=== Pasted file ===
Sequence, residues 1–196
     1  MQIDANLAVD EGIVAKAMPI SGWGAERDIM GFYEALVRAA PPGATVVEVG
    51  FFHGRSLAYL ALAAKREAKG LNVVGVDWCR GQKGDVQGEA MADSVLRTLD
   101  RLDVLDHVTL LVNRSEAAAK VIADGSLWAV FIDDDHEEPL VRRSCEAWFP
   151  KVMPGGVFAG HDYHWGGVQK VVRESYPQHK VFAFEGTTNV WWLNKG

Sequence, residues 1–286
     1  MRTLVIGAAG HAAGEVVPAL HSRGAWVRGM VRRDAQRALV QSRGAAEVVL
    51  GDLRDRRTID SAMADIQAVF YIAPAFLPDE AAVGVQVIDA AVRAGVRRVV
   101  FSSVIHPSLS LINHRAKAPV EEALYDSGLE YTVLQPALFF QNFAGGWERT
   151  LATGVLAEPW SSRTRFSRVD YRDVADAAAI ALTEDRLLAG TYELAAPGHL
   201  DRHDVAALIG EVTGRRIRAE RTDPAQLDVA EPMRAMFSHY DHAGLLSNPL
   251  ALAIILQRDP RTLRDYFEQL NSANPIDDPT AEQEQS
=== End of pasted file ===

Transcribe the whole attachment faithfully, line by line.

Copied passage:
Sequence, residues 1–196
     1  MQIDANLAVD EGIVAKAMPI SGWGAERDIM GFYEALVRAA PPGATVVEVG
    51  FFHGRSLAYL ALAAKREAKG LNVVGVDWCR GQKGDVQGEA MADSVLRTLD
   101  RLDVLDHVTL LVNRSEAAAK VIADGSLWAV FIDDDHEEPL VRRSCEAWFP
   151  KVMPGGVFAG HDYHWGGVQK VVRESYPQHK VFAFEGTTNV WWLNKG

Sequence, residues 1–286
     1  MRTLVIGAAG HAAGEVVPAL HSRGAWVRGM VRRDAQRALV QSRGAAEVVL
    51  GDLRDRRTID SAMADIQAVF YIAPAFLPDE AAVGVQVIDA AVRAGVRRVV
   101  FSSVIHPSLS LINHRAKAPV EEALYDSGLE YTVLQPALFF QNFAGGWERT
   151  LATGVLAEPW SSRTRFSRVD YRDVADAAAI ALTEDRLLAG TYELAAPGHL
   201  DRHDVAALIG EVTGRRIRAE RTDPAQLDVA EPMRAMFSHY DHAGLLSNPL
   251  ALAIILQRDP RTLRDYFEQL NSANPIDDPT AEQEQS